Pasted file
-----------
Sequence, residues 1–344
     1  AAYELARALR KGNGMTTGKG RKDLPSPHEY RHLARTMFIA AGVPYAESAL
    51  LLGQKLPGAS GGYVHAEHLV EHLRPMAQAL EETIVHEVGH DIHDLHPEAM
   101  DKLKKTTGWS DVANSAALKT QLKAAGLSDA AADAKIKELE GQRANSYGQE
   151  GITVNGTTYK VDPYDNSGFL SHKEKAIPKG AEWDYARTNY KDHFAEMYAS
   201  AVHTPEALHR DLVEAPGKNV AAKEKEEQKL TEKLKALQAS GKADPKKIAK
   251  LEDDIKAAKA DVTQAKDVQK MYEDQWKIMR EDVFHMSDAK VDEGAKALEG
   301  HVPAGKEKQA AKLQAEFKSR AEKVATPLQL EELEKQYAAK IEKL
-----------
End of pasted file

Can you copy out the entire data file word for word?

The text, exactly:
Sequence, residues 1–344
     1  AAYELARALR KGNGMTTGKG RKDLPSPHEY RHLARTMFIA AGVPYAESAL
    51  LLGQKLPGAS GGYVHAEHLV EHLRPMAQAL EETIVHEVGH DIHDLHPEAM
   101  DKLKKTTGWS DVANSAALKT QLKAAGLSDA AADAKIKELE GQRANSYGQE
   151  GITVNGTTYK VDPYDNSGFL SHKEKAIPKG AEWDYARTNY KDHFAEMYAS
   201  AVHTPEALHR DLVEAPGKNV AAKEKEEQKL TEKLKALQAS GKADPKKIAK
   251  LEDDIKAAKA DVTQAKDVQK MYEDQWKIMR EDVFHMSDAK VDEGAKALEG
   301  HVPAGKEKQA AKLQAEFKSR AEKVATPLQL EELEKQYAAK IEKL